Ottawa: Scientists have discovered a new species of an extinct primordial giant worm with terrifying snapping jaws that lived about 400 million years ago.
Researchers studied a fossil untouched for more than two decades at the Royal Ontario Museum in Canada and discovered the remains of the giant extinct bristle worm.
The new species is unique among fossil worms and possesses the largest jaws ever recorded in this type of creature, reaching over one centimetre in length and easily visible to the naked eye, researchers said.
Despite being only known from the jaws, comparison with living species suggests that this animal achieved a body length in excess of a metre.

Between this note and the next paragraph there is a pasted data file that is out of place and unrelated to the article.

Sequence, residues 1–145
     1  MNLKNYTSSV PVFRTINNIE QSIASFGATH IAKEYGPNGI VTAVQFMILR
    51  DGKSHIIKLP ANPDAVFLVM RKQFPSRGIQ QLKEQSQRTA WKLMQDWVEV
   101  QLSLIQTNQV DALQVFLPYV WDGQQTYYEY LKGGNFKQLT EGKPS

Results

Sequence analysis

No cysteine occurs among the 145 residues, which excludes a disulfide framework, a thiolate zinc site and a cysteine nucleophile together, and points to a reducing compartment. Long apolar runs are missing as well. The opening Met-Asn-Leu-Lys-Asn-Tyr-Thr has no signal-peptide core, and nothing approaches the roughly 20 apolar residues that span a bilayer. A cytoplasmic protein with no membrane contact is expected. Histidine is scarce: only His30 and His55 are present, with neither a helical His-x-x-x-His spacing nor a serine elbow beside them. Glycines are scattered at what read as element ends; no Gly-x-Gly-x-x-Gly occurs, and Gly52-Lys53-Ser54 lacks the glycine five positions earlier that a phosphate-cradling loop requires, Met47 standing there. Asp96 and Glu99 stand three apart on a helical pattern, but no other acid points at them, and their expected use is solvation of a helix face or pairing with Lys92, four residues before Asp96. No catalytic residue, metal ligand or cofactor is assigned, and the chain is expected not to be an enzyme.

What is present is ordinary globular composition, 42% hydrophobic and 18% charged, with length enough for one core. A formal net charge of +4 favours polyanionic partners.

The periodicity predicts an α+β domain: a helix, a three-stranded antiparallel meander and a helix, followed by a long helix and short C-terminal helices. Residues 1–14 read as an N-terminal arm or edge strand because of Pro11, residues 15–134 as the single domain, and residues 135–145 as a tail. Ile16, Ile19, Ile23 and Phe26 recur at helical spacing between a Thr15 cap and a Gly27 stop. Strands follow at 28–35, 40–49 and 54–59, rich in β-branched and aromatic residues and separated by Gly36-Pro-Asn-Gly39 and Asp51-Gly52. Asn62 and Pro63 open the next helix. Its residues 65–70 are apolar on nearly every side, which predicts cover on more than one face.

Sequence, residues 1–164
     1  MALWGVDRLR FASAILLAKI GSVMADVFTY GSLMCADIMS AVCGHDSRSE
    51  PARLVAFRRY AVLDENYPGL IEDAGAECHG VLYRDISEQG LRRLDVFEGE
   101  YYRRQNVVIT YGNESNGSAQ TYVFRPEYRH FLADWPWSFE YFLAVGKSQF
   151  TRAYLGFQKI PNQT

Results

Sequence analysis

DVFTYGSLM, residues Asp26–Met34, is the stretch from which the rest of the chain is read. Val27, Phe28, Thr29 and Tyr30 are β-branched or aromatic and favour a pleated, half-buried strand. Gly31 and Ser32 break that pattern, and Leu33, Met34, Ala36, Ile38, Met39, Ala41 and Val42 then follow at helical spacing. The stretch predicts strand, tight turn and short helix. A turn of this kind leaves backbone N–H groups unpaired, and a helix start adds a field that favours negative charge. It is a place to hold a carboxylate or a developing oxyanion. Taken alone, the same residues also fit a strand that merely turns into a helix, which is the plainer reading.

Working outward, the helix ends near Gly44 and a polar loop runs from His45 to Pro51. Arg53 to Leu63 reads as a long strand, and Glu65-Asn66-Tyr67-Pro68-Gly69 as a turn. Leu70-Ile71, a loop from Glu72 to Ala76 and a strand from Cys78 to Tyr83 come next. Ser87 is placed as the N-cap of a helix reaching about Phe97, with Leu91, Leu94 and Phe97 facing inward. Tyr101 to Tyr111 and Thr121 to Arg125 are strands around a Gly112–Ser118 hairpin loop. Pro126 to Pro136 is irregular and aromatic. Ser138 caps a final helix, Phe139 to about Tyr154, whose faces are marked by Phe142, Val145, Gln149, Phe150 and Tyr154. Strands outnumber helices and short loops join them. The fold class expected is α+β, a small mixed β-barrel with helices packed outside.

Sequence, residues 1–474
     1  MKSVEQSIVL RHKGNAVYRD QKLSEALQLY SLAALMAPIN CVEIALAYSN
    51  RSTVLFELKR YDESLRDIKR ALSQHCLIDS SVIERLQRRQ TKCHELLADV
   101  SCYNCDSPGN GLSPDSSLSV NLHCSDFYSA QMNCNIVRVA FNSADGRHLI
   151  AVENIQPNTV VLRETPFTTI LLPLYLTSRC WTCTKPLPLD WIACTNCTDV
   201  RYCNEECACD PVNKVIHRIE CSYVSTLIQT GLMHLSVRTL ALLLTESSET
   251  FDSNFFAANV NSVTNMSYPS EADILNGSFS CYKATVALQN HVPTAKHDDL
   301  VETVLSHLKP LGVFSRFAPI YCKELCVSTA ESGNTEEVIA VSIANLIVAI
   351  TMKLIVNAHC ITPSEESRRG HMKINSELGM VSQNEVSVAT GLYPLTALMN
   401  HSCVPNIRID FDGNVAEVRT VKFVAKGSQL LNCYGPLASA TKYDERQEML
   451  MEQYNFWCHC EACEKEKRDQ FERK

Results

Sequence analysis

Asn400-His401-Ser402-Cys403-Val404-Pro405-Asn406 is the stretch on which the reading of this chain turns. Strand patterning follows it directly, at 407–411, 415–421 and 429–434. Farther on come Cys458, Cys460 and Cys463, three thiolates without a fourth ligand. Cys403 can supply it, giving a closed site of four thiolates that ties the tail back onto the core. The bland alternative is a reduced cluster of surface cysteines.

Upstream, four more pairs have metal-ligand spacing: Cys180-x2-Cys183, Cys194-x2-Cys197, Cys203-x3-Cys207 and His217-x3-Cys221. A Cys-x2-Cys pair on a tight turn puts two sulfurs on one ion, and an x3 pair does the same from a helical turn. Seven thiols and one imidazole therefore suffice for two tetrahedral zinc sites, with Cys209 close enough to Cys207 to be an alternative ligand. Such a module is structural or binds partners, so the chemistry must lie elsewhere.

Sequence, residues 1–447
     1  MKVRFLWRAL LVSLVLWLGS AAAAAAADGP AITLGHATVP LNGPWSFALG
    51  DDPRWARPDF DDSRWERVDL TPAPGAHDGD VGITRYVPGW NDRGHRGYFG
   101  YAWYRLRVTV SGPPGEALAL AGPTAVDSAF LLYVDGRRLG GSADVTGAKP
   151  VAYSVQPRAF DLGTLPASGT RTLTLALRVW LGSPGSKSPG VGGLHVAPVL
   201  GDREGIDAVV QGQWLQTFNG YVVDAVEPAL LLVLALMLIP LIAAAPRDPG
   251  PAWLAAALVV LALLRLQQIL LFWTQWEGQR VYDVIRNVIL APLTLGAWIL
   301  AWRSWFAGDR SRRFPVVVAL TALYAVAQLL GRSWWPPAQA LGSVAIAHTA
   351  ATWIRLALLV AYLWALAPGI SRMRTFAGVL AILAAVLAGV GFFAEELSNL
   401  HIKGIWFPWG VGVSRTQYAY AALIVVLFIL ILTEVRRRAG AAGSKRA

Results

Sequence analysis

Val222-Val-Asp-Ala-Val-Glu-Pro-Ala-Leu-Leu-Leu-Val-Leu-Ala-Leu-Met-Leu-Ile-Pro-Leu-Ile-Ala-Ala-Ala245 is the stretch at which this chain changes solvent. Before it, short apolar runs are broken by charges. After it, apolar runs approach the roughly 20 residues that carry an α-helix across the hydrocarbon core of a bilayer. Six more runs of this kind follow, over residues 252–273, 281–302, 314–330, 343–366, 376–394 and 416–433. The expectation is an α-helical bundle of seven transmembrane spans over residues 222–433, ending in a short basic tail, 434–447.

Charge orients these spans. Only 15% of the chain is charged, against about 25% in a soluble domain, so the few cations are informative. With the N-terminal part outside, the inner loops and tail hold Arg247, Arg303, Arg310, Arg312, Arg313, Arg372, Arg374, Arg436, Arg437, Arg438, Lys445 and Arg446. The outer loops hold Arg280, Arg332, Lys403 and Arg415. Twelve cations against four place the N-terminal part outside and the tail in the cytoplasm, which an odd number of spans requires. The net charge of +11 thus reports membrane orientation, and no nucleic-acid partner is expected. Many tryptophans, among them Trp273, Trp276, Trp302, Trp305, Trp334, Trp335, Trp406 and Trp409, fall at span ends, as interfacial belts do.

This is comparable to that of ‘giant eunicid’ or ‘Bobbit worms’ which are fearsome and opportunistic ambush predators, using their powerful jaws to capture prey such as fish and cephalopods such as squids and octopuses and dragging them into their burrows.
“Gigantism in animals is an alluring and ecologically important trait, usually associated with advantages and competitive dominance,” said Mats Eriksson from Lund University in Sweden.
“The new species demonstrates a unique case of polychaete gigantism in the Palaeozoic, some 400 million years ago,” he added.
The specimens were collected in 1994. Sample materials, from what proved to belong to the Devonian Kwataboahegan Formation, were brought back to the Royal Ontario Museum, where they have been stored until now. The study was published in the journal Scientific Reports.